Is there a way to make use of the cost savings of a transient EMR cluster and still have the convenience of a long-running version?
This article about the recent S3 slowdown and recovery notes that AWS originally pursued the wrong root cause. There's always a risk of this happening. We discuss the benefits of the ability to revert changes here.
We found one particular type of data warehouse ELT logic test to provide particularly high benefits for very limited effort.
We created a mechanism that we called "The Federator" for making data processed on one Redshift cluster be available on other Redshift clusters. This post follows the introduction in the previous part 1 post, and describes how we solved the challenge of dealing with large data volumes.
We created a mechanism that we called "The Federator" for making data processed on one Redshift cluster be available on other Redshift clusters. This post introduces what we did.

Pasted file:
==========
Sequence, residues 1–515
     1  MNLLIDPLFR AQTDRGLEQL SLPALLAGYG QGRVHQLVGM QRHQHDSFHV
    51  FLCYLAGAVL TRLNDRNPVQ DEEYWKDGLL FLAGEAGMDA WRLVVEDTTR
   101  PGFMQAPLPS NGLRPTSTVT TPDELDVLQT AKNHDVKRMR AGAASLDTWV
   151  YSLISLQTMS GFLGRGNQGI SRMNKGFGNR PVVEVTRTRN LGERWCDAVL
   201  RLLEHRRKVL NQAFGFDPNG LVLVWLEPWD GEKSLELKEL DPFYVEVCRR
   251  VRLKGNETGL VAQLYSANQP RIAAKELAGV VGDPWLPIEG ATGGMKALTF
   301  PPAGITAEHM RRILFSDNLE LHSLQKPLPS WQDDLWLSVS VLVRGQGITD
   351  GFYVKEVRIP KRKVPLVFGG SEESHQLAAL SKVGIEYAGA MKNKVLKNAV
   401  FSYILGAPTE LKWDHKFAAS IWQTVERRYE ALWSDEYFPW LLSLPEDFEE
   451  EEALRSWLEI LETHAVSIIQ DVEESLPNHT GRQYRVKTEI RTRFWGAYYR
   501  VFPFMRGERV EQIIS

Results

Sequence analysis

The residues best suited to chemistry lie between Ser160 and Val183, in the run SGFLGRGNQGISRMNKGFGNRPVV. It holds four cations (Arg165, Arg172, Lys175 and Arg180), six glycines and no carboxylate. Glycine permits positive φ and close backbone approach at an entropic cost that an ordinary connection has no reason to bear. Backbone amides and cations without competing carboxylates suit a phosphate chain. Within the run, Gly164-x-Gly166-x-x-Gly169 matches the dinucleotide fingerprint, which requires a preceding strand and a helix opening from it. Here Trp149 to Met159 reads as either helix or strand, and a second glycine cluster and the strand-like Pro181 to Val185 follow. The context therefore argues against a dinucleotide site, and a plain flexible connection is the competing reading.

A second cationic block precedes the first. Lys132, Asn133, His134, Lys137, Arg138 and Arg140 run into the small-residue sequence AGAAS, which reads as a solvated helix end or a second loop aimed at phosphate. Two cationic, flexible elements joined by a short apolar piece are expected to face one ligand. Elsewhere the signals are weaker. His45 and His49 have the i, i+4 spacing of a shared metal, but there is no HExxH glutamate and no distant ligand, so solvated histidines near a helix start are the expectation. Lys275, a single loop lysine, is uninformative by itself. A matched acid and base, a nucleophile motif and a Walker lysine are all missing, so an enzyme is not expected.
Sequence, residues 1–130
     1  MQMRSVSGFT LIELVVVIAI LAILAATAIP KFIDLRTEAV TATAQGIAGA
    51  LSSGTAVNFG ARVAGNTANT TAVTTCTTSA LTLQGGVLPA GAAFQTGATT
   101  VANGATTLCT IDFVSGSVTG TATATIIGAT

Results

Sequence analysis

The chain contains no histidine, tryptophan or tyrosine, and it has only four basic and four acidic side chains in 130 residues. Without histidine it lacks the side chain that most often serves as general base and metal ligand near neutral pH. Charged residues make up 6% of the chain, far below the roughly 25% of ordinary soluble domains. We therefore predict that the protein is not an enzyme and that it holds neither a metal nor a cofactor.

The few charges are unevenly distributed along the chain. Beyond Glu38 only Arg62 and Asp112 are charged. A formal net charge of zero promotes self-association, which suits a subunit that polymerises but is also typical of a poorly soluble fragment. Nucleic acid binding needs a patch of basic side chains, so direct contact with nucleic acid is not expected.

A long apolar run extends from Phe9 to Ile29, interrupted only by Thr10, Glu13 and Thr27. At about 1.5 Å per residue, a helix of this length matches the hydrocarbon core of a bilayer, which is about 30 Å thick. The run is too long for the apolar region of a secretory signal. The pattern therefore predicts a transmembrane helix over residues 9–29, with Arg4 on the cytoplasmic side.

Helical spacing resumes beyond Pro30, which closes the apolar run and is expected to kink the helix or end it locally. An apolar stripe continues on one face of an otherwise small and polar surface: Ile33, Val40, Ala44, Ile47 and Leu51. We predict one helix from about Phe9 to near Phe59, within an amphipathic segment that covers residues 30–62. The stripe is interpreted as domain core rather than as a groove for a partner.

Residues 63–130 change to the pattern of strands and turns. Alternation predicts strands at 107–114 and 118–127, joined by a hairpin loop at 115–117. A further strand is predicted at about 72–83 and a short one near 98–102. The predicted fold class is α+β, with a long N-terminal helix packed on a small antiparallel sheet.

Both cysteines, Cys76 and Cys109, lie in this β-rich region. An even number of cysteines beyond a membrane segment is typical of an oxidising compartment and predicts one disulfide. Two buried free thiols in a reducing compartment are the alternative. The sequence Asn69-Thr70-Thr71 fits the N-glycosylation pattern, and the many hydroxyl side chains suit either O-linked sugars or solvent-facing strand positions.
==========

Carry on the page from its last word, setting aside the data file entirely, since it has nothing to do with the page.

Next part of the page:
How we built a solution that would keep Amazon Redshift in sync with SQL Server
Two contrasting process options for data warehouse deployment.
This is an overview of how we made the "button" that deploys code to a Redshift enterprise data warehouse.
We developed a mechanism we called "DbAlign" for doing incremental changes to our Redshift development, test and production databases.
This is an overview of the principles we followed when migrating an enterprise data warehouse to a cloud infrastructure with AWS Redshift. We added automated deployments and automated testing to the more traditional set.